Paul VI mentions the three most evident dangers that the use of artificial birth control brings: a general degradation of morality, beginning with an increase in marital infidelity; a loss of respect toward women; and the possibility of contraceptives being used as an instrument of dominion by the public authorities. These conclusions are obvious when you begin your analysis from the fact that human nature is a fallen nature. This, like many other teachings of the Church, has been misinterpreted by many who have identified it with one of the two extremes that the Church herself has condemned. In that way, the opponents of Humanae Vitae confuse the notion of fallen nature with the idea that human beings are naturally bad and they base their criticism on that error. The fallen nature of mankind means that our nature is “wounded in the natural powers proper to it; subject to ignorance, suffering, and the dominion of death; and inclined to sin” (Catechism of the Catholic Church, 405) but it is not completely corrupted. It is weakened and has a tendency toward evil but it has been redeemed and can, through divine assistance, overcome this weakness. Ignorance of this reality, as the Catechism says in paragraph 407, “gives rise to serious errors in the areas of education, politics, social action, and morals”. These kinds of serious errors are what Paul VI says will arise from misunderstanding sex and original sin.
The problem lies in that the prevailing ideology of our time, that of the Enlightenment (or what’s left of it), denies the Catholic understanding of original sin. Depending on which side you like to take within the many branches of Enlightenment philosophy, you will either deny the natural propensity to evil and blame it on someone or something else, or you will exaggerate it. In any case, you will probably disregard Paul VI’s warnings. Let us analyze these warnings from within the Catholic framework, and compare them with the actual facts.
In the first place, we have the danger of a general degradation of morality. It is unquestionable that the morality of our times has radically changed from that of the days in which Humanae Vitae was written. There might be people who will argue that it has changed for the better, but I believe most of us would deviate from that view. If it has changed, it has been for the worse. Many indicators point toward a worrisome generalized state of mankind’s morality: divorce rates, teen pregnancy rates, depression levels, suicide rates, drug abuse and alcoholism, etc. All these indicators, though showing, in some cases, a decrease with respect to previous years, are nowhere close to their pre-Humanae Vitae days. It is widely held, at every level, that something is wrong. Is it too far-fetched to believe that Paul VI was right and that contraceptives have somehow ushered in, or at least accelerated and intensified, this moral decay? I don’t think it is.
This moral decay has been encouraged by artificial contraception for a very simple reason. What contraceptives do is attempt to remove one of the natural consequences of the sexual act. By doing this, they remove the responsibility that the act brings. Being responsible means recognizing and accepting the consequences of your actions. With no consequences, there are no responsibilities. But being responsible for one’s acts is one of the pillars of all morality. Without responsibility there is no real freedom and without freedom there is no morality. Animals are not subject to morality because they are not free. This absence of consequences is only apparent because the sexual act is much more than a purely biological or “animal” act. It is a human act with repercussions in every aspect of human life, that is, it involves the entirety of the person, not just his or her genitals. Paul VI is very clear when he says that the main victims of this irresponsible sexuality are women.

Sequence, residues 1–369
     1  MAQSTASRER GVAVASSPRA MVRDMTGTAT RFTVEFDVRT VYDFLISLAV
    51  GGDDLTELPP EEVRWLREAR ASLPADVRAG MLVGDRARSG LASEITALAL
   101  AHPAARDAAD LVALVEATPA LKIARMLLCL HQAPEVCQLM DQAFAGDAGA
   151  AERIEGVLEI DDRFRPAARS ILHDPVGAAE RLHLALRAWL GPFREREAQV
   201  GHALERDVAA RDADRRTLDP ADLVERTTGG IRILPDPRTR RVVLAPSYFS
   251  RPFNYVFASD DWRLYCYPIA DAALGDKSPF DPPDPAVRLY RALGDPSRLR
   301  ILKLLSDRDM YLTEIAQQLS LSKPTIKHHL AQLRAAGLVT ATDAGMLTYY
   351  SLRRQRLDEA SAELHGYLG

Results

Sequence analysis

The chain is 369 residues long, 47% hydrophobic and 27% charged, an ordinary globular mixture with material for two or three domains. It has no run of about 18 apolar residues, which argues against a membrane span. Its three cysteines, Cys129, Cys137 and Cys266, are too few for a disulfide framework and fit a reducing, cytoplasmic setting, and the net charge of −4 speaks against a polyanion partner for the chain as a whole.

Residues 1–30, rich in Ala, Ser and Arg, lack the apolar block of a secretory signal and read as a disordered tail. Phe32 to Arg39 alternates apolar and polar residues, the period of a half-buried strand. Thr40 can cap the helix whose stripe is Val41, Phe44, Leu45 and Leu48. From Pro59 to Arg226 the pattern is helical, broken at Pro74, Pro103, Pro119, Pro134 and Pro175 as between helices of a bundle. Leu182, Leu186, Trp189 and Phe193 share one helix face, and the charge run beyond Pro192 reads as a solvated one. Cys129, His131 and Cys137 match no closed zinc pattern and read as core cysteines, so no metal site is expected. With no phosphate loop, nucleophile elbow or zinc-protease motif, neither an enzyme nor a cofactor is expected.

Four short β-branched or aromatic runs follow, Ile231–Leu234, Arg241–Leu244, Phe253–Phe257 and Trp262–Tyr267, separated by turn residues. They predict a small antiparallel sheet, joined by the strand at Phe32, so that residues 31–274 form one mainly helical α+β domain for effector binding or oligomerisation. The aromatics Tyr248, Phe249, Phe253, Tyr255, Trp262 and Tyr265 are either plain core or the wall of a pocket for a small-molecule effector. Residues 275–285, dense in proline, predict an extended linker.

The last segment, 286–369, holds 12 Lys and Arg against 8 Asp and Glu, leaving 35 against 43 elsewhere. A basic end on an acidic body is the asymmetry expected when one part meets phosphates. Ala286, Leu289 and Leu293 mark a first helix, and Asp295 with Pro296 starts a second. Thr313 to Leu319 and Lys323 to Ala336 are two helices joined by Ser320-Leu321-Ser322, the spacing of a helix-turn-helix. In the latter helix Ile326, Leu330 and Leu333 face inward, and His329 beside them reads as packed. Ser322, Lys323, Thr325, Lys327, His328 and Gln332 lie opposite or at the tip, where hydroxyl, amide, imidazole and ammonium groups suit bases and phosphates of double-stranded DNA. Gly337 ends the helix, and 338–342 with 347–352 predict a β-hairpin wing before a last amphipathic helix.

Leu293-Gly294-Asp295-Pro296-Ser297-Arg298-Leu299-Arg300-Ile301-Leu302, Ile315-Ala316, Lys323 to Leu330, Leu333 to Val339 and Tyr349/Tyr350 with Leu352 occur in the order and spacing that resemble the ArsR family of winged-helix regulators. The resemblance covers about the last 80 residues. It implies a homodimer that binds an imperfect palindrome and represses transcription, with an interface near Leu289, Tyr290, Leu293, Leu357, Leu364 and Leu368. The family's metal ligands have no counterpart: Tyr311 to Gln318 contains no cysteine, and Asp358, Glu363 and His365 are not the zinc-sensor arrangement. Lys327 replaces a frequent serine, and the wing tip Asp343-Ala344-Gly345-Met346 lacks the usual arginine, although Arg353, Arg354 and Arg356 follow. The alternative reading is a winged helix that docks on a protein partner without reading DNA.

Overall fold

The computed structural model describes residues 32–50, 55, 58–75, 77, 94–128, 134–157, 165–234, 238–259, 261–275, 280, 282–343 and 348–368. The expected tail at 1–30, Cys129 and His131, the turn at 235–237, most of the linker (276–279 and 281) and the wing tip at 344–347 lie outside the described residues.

It is easier for men to separate the physical from the emotional when it comes to sex. Whatever the reason for this, we are hard-wired that way. If a man has “consequence-free” sex, this act can very easily become for him nothing but the satisfaction of an appetite. This, obviously, implies that the woman involved was nothing but an object to satisfy that appetite, which is clearly a violation of her dignity. But there is a more subtle side to this. The unitive and emotional aspect of the sexual act is much stronger in women than in men. For women, physical union also implies, in a natural manner, an emotional union. When the procreative aspect is voluntarily destroyed, the unitive aspect tends, as I stated previously, to disappear. If the unitive aspect is, by default, weaker in men, it follows that it more easily disappears when the procreative aspect is gone. Therefore, the emotional bond is only established on the woman’s side. This lack of emotional correspondence can gravely affect a woman because it makes her feel like she was used and not loved.
On the political and governmental levels, this lack of responsibility means that governments do not seek the most adequate solutions to social problems, but only the easy ones. It is much easier to control the population through sterilization programs than to create the necessary conditions for new generations to live in a dignified way. This is a reality that has been lived in the Third World. Hundreds, if not thousands, of people have been sterilized, many times without their consent or even without their knowledge, by unethical government authorities who have implemented population control policies which do not respect human dignity. This has happened through orders from international organizations and powerful foreign governments. Today, here in the United States, we find the government trying to force the acquisition of contraceptives on all of us, even when we find it morally objectionable. Paul VI was not simply imagining things when he mentioned that there was a real possibility of this happening.
The alternative to all this chaos is an ordered sexuality, respectful of human dignity according to God’s will which, in this case, is revealed in the laws that govern human sexuality. The Church cannot change these laws (which is why it is ridiculous for people to think that someday the Pope might change these teachings); all she can do is remind us to respect them. Paul VI is not so naive as to believe that without contraception human life would be perfect. However, there is no doubt that it would be better, especially if accompanied by a proper understanding of sexuality. And so, Paul VI ends his encyclical by calling all the Catholic faithful to recover the authentic meaning of sexuality and to share it with the world. As I said before, this correctly understood sexuality has love as its root and it demands sacrifice and self-gift. This is impossible without self-control and the practice of the virtue of chastity. Restoring this meaning represents a huge job for the faithful. It demands an enormous work of education that begins at home, with the family, and then is extended to all society through cultural, social, and political action. This is the duty we have as Catholics and which we have, unfortunately, ignored for too long.Tags » contraception, sexuality